"The main challenge is always to run a profitable business around such groups because they're very expensive to maintain: you need to style them, give them the appropriate music and dance training, have a team of music producers and songwriters to churn out new hits, and a bunch of great business people to sell and promote them to brands and consumers. If any particular aspect falls short, the entire group's career can be jeopardized.”
Other than the high cost, the group has to be strategically promoted in addition to having the right culture and setting, and Singaporeans do not really make up for the most enthusiastic audience.
“Right now the demand for this kind of entertainment is being fulfilled by K-pop already. They've really proven themselves to be the master of their craft and nobody will dare to compete against them because it's far too risky. Plus, our local music consumers have fairly diverse tastes and are usually spoilt for choice thanks to how cosmopolitan we are. If you don't have a critical mass of hardcore fans needed to sustain such a group, you'll fizzle out eventually”, he adds.
At what cost?
Even as a solo artist, having a music career requires tremendous amounts of drive and effort; the few who ‘make it’ in Singapore have achieved large successes overseas before becoming recognised locally. The issue is that Singaporeans only recognize those who have already achieved considerable success, and generally dismiss everyone else.
To build a music career in Singapore, tenacity is key, and if the music isn’t your own — as in a sing-dance group, where every aspect of their image as artists are usually heavily regulated — then there is less of an incentive to push for a career in music, much less in a sing-dance group. In the pragmatic culture of Singapore, music is still considered something of an alternative culture societally. Perceived as going against the grain, it’s more about freedom of expression than manufactured groups. For Singaporeans who actually aspire for a breakthrough, being a member of a sing-dance group is merely a dream.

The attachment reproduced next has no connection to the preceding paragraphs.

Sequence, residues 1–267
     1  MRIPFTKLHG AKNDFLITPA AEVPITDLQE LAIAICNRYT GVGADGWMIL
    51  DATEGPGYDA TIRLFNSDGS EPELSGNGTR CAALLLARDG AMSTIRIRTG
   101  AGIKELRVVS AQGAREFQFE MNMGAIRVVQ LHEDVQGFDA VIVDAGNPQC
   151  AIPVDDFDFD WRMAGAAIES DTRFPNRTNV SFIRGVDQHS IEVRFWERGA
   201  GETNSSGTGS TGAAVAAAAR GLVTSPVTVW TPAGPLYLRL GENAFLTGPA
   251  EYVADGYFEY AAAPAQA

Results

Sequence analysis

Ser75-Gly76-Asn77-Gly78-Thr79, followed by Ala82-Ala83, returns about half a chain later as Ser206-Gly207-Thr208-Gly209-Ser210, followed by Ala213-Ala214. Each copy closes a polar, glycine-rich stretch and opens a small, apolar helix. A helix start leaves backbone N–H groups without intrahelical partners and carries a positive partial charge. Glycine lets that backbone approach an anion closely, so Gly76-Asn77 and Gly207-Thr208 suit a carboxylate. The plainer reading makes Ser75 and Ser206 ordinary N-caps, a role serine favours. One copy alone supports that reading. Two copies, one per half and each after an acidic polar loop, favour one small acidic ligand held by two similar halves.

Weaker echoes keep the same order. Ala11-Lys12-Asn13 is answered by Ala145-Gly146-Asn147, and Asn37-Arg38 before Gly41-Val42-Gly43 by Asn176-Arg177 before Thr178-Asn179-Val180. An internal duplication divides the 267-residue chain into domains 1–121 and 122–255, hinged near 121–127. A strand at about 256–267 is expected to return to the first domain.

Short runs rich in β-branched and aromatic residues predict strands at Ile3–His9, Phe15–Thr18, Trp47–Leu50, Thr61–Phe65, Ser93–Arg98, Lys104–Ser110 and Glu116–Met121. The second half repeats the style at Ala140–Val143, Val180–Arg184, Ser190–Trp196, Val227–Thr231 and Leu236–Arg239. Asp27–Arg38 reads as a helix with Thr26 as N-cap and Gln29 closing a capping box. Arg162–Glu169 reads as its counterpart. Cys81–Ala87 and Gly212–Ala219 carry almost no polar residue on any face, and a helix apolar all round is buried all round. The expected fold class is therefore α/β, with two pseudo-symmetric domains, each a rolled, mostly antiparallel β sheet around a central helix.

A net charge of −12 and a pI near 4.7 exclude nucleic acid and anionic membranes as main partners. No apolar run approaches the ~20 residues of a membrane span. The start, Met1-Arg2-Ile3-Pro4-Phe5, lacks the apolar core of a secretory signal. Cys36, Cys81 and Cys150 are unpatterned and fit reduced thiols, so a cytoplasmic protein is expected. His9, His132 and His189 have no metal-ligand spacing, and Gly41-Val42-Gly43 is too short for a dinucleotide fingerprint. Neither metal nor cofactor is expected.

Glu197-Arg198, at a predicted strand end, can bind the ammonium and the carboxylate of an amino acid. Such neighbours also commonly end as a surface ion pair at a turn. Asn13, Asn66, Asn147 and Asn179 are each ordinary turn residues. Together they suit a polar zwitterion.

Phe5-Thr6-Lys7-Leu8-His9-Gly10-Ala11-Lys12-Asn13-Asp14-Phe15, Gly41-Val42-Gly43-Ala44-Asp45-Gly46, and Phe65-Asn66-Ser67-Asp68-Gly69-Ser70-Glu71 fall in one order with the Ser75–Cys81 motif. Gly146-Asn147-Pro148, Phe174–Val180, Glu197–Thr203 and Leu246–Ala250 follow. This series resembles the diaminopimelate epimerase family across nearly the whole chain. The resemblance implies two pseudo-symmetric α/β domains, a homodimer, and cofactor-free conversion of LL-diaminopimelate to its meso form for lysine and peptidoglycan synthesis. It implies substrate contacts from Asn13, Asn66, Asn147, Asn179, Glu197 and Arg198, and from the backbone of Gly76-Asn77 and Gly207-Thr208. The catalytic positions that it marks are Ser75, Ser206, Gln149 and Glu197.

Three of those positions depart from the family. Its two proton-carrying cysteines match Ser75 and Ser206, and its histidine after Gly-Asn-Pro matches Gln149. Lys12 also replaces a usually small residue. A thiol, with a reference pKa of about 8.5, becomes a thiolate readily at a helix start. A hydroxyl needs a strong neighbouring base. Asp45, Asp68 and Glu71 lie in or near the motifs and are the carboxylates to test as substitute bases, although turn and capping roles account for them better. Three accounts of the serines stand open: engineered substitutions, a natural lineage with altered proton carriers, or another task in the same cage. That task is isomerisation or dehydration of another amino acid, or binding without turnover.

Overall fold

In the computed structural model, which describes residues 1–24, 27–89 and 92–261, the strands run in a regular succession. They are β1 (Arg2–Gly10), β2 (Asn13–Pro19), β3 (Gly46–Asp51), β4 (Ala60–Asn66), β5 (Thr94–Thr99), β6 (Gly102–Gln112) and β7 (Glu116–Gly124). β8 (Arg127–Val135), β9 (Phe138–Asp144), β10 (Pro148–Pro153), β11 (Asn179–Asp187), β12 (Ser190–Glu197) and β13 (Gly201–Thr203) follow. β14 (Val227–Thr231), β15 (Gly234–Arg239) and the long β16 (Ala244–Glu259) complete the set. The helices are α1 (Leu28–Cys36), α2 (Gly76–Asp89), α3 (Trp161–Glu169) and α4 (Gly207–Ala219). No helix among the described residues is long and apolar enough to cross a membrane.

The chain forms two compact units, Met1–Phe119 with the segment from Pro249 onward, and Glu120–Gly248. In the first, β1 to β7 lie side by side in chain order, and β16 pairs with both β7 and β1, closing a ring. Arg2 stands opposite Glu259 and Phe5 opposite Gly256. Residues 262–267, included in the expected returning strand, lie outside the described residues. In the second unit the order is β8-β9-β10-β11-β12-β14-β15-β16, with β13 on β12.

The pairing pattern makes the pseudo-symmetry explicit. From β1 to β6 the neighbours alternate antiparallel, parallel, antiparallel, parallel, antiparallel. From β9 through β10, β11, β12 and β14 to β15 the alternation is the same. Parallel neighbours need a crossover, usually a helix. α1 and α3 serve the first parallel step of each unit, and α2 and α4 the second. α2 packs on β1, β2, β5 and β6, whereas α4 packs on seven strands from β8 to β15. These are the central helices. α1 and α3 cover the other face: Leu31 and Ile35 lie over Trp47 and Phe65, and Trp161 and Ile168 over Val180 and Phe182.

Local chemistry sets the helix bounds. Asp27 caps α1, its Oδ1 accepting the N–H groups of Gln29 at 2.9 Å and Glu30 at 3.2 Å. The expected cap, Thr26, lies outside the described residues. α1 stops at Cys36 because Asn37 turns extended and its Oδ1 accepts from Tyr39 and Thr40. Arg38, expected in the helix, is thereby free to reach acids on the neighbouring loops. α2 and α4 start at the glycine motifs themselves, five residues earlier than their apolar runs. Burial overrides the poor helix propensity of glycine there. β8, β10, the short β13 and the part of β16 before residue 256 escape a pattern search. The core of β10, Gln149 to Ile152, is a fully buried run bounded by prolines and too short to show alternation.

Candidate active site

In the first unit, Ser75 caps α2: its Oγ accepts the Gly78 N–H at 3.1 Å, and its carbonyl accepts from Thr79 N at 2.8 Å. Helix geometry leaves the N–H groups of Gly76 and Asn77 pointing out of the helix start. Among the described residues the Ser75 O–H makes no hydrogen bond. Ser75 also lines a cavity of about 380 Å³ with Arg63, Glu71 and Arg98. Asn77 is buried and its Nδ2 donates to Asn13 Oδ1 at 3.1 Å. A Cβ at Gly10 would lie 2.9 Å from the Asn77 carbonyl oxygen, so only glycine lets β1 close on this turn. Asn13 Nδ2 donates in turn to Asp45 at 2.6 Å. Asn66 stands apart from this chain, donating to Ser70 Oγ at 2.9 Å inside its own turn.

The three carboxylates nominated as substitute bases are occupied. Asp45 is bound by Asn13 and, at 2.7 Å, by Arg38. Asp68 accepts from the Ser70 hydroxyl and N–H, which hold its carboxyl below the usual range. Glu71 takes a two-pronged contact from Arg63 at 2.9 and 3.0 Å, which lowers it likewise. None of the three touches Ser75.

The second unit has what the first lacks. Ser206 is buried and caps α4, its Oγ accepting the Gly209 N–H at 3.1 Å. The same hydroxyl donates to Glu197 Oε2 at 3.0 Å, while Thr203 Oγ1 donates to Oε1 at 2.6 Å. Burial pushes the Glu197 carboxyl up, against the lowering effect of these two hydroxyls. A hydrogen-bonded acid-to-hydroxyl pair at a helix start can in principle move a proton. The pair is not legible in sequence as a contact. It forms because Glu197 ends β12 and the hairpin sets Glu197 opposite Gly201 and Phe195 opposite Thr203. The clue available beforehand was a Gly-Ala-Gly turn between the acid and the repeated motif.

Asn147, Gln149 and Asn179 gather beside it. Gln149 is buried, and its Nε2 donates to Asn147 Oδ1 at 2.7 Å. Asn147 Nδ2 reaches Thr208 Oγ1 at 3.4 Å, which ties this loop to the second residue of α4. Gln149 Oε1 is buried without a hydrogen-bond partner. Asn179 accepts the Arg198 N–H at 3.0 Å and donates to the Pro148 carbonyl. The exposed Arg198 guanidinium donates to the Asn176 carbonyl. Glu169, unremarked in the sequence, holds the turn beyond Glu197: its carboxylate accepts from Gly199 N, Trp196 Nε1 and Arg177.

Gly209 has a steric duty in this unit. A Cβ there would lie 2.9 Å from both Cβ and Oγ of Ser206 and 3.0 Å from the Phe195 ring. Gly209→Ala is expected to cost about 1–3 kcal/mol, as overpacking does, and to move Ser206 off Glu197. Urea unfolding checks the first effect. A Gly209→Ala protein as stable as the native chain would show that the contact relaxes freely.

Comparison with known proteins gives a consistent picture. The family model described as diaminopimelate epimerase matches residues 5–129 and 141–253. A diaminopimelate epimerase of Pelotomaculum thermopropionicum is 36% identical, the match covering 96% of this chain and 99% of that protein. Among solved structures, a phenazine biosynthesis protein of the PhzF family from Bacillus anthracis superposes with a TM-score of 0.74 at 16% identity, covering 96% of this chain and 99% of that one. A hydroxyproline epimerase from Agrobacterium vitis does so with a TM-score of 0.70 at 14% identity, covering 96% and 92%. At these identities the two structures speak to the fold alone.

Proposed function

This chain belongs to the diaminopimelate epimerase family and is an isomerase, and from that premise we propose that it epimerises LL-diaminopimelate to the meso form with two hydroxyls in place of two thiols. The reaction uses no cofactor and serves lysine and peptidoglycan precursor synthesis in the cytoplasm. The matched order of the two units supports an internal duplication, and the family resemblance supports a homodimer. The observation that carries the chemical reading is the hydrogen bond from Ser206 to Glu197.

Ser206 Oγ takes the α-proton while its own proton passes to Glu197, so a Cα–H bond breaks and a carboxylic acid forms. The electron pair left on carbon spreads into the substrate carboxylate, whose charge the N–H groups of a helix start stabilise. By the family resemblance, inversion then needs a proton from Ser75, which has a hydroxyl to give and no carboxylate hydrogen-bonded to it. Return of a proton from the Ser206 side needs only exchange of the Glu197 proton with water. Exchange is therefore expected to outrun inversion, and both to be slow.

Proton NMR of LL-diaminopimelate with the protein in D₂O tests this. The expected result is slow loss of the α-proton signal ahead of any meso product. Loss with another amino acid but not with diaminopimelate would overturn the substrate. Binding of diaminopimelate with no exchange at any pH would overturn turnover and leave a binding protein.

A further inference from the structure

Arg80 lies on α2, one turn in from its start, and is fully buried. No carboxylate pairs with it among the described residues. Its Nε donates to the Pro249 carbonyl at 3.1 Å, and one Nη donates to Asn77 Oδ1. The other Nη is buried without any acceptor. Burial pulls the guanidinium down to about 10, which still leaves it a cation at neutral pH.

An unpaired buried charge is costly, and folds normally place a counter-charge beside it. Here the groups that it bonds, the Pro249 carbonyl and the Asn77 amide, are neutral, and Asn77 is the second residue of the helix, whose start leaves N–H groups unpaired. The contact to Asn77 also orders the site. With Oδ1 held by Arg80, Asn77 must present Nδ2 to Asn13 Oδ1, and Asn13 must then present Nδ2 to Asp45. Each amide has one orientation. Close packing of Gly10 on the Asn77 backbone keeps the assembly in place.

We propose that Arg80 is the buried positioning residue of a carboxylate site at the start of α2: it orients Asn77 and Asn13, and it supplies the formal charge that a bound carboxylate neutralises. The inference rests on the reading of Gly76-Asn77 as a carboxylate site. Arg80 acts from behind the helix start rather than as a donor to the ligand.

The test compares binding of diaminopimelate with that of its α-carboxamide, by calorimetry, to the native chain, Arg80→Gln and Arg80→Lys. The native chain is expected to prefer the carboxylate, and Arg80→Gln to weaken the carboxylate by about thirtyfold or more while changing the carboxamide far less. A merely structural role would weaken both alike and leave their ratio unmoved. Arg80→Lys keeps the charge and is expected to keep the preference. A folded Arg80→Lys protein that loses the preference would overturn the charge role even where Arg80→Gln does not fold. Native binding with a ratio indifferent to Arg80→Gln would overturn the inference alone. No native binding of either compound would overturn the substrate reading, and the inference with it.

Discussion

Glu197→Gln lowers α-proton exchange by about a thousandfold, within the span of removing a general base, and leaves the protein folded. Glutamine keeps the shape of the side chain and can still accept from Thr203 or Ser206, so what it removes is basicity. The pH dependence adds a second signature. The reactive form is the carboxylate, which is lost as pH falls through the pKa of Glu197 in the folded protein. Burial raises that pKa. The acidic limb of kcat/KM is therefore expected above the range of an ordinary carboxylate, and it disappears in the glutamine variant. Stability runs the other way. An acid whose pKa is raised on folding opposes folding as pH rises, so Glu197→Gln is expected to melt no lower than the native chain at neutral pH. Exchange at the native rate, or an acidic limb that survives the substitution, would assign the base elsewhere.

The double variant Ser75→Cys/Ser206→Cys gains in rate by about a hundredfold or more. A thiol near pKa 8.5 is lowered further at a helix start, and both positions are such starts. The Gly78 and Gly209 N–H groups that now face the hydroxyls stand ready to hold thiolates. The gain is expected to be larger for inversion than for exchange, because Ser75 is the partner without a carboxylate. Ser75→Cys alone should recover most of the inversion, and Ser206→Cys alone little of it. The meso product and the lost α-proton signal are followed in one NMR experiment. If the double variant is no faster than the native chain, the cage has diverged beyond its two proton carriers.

Dean, Director of Cross Ratio Entertainment shares that the culture is just vastly different in Singapore as opposed to the Korean culture, where entertainment was cultivated as a viable career option.
“The concept (of sing-dance groups) is hard for our Singapore audiences to accept as the population or fanbase is too small to sustain the support. Labels need to put in a lot of money into the group and if there is no return, then it will be hard for the label to carry on pushing the group. K-pop labels put in a lot of money to the group and the talents who are chosen are very disciplined and hungry to ensure they can breakthrough.”
“Singaporean acts are brought up in a different environment as paper chase and stable jobs are the norm, so if they feel they are not able to breakthrough they tend to give up. Mirai is an example. The company S2S pumped in a lot of money into (the group), and this is something I know as I worked for them at the time. Due to the artists having different views, the group had to be disbanded. Only Olivia Ong worked hard to carry on her dream to breakthrough into the music industry."
Not many Singaporeans themselves want to be in a sing-dance group, preferring more practical jobs over the less stable job of a musician. Not only is there a lack of demand for sing-dance groups, but there is also a lack of supply. The culture in Singapore hasn’t grown a substantial base for the production and promotion of sing-dance groups.